A bright yellow, solar-powered buoy floats in the center of the Gunk, live streaming data via cell phone signal to buoy.newpaltz.edu every 15 minutes, 24 hours a day.
The buoy has been there since June as part of an in-depth study of the Gunk, a network of six ponds on campus that make up the larger Sawmill Brook watershed.
Biology professor David Richardson oversees a team of student researchers whose goal is to collect baseline data on the quality of water on campus in order to monitor changes to the water over time.
K.T. Tobin, sociology professor and chair of the sustainability committee, said the study is a collaborative project between SUNY New Paltz, the New York Department of Environmental Conservation, the New York State Water Resources Institute at Cornell University and the Hudson River Estuary Fund.
“It gets you fired up about the future,” Caitlyn Maceli, a third-year environmental and geochemical science major, said. “It made me learn how to see things as an ecologist, not just as a student.”
Maceli worked on the project full time over the summer along with two other students. She monitored the water at the point before it leaves campus near the South Classroom building and flows into the Sawmill Brook.
Maceli said she compared the samples she collected to the Gunk buoy’s data to find out how the quality of the water changes as it passes through campus.
The group tested physical features of the water, such as temperature and rate of flow. The students also measured chemical and biological factors like pH level, conductivity and dissolved oxygen.
Using the data, the students mapped out the underwater topography of the Gunk.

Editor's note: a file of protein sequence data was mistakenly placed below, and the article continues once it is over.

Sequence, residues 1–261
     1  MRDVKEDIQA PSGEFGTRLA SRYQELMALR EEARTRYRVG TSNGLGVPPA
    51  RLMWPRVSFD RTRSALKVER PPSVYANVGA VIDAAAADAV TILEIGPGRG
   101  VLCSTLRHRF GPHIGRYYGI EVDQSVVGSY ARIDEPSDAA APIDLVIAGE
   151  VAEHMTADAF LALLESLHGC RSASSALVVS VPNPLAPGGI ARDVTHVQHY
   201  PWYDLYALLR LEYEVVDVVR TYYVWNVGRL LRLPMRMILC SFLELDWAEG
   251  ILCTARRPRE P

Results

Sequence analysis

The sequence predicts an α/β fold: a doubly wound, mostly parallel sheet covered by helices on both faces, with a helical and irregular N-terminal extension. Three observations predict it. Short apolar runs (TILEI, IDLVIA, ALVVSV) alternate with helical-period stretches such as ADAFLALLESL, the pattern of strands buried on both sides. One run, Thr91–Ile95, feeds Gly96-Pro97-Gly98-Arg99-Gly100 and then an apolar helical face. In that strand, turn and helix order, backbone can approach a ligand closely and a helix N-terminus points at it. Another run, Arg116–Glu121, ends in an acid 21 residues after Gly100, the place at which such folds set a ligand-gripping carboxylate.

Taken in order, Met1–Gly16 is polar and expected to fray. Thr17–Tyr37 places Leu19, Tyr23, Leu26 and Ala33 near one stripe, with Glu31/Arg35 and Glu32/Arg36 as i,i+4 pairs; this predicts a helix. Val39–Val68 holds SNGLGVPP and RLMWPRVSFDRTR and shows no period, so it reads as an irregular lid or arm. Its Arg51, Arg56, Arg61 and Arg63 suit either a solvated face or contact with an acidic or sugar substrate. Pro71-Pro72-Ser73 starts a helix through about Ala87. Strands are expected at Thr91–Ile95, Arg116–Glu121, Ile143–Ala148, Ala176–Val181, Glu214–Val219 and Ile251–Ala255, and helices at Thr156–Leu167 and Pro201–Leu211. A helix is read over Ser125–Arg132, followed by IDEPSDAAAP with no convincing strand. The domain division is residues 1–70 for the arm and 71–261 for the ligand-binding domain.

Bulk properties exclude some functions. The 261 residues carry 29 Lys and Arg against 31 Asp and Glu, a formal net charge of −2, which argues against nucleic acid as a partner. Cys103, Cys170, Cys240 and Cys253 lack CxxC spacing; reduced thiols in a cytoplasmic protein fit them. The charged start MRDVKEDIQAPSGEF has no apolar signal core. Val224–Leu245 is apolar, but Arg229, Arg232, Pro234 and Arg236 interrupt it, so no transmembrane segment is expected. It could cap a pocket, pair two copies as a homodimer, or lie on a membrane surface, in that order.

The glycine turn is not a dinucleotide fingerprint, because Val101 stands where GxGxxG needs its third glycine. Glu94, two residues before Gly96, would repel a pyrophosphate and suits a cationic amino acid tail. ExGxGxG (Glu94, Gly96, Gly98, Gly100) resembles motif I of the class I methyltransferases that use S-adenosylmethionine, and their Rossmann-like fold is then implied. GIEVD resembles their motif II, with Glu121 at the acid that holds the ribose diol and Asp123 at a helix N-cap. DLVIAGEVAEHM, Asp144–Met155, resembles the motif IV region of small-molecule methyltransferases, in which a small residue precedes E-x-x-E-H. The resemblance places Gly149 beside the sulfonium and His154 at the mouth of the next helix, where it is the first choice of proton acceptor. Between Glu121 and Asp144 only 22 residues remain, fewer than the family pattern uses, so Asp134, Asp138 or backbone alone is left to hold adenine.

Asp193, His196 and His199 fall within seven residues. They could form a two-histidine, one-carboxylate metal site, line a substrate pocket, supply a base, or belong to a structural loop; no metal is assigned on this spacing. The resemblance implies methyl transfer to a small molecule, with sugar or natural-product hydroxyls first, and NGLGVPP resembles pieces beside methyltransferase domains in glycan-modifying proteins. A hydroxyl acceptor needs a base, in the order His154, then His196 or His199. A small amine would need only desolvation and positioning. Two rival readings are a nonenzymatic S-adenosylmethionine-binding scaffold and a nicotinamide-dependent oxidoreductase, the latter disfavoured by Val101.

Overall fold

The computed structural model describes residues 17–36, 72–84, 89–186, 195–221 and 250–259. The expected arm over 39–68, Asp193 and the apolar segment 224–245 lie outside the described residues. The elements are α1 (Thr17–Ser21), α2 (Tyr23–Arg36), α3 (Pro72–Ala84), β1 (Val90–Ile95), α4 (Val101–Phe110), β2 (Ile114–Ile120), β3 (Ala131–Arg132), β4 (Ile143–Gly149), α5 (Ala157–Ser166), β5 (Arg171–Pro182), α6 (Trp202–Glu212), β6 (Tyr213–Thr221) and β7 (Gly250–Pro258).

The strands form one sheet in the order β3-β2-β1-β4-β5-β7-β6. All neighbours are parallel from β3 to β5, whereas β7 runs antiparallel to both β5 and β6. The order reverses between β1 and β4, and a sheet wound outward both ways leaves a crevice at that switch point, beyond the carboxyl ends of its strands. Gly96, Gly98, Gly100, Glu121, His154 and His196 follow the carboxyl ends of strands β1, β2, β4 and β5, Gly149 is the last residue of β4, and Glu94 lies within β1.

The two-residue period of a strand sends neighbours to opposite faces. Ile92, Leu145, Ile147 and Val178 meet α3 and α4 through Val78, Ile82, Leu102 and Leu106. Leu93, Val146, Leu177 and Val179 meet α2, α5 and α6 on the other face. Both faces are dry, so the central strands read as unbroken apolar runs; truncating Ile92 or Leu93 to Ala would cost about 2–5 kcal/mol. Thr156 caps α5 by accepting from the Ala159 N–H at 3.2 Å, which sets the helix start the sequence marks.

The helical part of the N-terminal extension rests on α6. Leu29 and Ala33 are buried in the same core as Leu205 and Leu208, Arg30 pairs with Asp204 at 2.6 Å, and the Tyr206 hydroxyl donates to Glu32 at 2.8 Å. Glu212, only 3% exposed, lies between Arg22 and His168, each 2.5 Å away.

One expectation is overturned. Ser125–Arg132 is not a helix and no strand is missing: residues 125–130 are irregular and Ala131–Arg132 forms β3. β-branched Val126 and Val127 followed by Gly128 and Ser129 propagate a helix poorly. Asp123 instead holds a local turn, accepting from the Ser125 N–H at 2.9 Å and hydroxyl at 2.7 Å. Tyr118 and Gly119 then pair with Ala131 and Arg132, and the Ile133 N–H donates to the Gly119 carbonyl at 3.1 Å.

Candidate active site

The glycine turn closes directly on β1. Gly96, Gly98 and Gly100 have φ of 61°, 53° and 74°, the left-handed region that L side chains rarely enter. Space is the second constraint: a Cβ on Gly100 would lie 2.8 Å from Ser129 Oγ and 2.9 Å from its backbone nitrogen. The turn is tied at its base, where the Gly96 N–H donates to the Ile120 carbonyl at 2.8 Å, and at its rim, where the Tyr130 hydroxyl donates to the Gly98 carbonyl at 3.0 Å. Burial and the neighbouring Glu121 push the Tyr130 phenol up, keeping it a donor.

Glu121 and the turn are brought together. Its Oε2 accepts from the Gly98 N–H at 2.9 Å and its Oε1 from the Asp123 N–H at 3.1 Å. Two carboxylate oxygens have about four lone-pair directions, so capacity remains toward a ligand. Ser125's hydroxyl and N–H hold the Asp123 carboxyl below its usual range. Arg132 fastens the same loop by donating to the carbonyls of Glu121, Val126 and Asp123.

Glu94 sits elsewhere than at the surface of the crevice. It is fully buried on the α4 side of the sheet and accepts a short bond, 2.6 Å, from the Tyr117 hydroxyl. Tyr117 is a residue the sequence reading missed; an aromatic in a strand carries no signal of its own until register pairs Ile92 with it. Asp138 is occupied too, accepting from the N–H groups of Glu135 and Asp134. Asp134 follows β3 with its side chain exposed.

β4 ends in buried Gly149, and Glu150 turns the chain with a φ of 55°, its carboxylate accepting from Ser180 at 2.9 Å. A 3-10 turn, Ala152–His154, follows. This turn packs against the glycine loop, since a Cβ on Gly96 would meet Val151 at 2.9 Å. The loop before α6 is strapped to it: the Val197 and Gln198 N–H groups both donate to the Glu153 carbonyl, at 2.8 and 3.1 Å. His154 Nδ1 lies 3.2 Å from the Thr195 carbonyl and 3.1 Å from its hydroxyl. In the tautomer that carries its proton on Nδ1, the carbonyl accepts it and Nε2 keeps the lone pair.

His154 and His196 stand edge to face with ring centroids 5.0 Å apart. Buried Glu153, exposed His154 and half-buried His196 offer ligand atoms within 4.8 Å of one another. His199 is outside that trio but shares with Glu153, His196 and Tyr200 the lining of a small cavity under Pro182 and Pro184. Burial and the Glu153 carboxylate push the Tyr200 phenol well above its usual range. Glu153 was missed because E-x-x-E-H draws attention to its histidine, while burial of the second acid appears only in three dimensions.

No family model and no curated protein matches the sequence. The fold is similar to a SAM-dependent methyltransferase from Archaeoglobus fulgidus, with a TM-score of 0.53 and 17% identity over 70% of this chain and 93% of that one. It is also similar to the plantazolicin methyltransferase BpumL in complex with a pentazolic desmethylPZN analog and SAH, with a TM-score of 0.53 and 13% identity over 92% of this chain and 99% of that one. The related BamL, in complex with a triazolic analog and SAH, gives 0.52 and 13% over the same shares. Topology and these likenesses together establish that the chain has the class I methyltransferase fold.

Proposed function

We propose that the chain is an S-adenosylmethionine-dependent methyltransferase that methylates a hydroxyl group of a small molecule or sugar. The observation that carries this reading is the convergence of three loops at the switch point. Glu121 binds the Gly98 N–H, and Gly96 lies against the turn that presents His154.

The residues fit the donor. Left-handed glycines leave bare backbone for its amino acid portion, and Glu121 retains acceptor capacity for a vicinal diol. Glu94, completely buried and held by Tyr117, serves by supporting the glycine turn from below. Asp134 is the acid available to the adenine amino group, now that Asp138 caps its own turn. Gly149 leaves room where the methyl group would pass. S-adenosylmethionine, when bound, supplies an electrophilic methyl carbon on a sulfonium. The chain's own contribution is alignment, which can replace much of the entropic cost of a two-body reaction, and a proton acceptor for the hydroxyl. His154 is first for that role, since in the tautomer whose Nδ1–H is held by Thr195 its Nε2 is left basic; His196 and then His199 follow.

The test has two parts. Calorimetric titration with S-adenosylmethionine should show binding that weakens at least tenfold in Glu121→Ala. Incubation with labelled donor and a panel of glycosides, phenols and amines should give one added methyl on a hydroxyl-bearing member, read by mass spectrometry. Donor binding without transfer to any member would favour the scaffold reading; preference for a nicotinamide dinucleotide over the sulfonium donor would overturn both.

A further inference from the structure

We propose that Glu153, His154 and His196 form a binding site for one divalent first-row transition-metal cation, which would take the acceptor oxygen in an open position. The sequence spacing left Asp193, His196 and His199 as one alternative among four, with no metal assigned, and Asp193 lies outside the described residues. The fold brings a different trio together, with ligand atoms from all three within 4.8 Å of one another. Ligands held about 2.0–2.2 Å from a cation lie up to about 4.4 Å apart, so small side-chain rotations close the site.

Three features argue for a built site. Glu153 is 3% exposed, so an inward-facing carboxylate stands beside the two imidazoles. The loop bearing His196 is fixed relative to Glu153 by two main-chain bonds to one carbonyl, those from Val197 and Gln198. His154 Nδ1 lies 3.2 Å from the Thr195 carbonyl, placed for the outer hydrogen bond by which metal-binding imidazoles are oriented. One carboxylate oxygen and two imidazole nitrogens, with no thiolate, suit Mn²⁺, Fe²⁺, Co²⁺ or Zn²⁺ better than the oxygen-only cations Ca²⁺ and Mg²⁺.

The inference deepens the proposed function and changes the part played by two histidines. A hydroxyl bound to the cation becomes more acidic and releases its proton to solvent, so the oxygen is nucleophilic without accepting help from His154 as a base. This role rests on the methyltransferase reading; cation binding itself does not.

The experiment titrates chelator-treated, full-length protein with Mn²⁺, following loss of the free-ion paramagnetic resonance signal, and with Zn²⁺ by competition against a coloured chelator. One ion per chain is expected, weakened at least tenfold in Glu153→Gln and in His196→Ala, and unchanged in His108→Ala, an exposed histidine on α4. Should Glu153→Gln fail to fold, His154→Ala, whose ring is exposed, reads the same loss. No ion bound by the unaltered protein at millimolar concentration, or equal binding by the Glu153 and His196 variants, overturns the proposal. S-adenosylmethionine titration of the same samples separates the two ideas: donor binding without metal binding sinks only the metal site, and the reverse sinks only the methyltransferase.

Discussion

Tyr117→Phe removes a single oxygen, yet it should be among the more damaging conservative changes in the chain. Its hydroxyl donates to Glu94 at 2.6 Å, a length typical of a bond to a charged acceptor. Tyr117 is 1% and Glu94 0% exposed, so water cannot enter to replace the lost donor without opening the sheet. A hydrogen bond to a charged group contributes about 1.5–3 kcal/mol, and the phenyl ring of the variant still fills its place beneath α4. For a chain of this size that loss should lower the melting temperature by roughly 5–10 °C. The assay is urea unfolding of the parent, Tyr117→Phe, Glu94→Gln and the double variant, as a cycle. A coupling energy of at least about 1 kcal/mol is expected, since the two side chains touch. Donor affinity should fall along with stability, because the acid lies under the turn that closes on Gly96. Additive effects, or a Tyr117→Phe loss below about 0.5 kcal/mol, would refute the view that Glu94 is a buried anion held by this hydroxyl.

“Monitoring is not easy because there’s no specific scientific question,” Richardson said. “You’re just looking at what’s happening, so you have to keep at it.”
Maceli said the collaborative nature of the project helped her to better understand how scientific research is done.
“I never really thought that so many little things can contribute to the big picture of what you see out there when you go to the Gunk,” Maceli said.
Climate change models show a likely increase in precipitation in the Hudson Valley. Richardson said that major storm events like the ones that occurred in the last few years will become more likely and more frequent.
Tobin said the data gathered could inform future infrastructure improvements at SUNY New Paltz and take the effects of climate change on the local watershed into perspective. The parking lot across Route 32, for example, is made from permeable materials that allow the ground to absorb potentially polluted water.
“Storm water runoff is an opportunity to pick up pollution or cause flooding,” Tobin said. “We want it to go back into the ground.”
The group will present the final results of the Gunk study on Dec. 11 from 2 to 4:30 p.m. in the Lecture Center.